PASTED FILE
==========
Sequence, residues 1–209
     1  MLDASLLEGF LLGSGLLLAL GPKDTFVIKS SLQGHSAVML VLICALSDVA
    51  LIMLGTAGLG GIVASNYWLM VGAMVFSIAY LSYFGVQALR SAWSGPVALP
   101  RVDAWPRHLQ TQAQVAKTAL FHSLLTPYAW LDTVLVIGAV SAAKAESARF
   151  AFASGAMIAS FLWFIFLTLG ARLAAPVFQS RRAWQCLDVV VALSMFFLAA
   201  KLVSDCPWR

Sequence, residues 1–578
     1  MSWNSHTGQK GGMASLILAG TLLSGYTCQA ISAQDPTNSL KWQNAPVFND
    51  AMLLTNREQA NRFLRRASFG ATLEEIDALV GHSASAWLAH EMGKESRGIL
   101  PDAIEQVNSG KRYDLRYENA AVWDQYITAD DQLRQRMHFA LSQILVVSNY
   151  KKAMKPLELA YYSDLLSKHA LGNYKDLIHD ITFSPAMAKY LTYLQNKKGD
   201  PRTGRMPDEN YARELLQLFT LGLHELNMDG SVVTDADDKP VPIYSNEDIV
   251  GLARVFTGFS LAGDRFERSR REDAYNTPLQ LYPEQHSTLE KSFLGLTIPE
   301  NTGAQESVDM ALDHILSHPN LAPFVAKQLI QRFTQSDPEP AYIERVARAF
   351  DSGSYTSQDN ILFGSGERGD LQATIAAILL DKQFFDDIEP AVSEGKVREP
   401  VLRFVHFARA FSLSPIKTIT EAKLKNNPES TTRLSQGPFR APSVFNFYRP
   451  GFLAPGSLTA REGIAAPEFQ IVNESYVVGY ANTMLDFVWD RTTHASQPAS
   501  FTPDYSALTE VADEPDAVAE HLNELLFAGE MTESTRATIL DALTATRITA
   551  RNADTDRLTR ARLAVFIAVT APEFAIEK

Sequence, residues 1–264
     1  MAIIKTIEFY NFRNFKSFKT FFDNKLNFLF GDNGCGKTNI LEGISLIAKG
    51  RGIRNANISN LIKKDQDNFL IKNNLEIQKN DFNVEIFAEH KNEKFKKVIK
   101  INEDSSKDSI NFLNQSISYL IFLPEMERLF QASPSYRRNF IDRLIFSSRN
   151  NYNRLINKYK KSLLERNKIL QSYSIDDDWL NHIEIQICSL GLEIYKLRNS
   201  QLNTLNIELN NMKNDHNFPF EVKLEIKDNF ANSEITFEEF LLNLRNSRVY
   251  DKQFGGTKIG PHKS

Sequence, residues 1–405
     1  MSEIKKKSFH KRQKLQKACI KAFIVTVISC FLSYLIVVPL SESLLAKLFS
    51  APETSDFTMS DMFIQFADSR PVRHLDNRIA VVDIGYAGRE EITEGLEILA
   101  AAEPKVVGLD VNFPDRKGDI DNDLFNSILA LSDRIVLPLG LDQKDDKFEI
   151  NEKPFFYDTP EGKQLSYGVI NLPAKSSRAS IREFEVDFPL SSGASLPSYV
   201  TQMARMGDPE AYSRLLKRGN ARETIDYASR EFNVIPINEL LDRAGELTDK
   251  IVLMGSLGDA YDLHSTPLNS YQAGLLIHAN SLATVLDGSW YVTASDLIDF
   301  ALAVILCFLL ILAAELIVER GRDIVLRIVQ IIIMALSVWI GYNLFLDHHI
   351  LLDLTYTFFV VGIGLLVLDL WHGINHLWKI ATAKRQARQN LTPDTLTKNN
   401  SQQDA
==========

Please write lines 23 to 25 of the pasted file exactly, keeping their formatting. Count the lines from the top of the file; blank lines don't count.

   101  INEDSSKDSI NFLNQSISYL IFLPEMERLF QASPSYRRNF IDRLIFSSRN
   151  NYNRLINKYK KSLLERNKIL QSYSIDDDWL NHIEIQICSL GLEIYKLRNS
   201  QLNTLNIELN NMKNDHNFPF EVKLEIKDNF ANSEITFEEF LLNLRNSRVY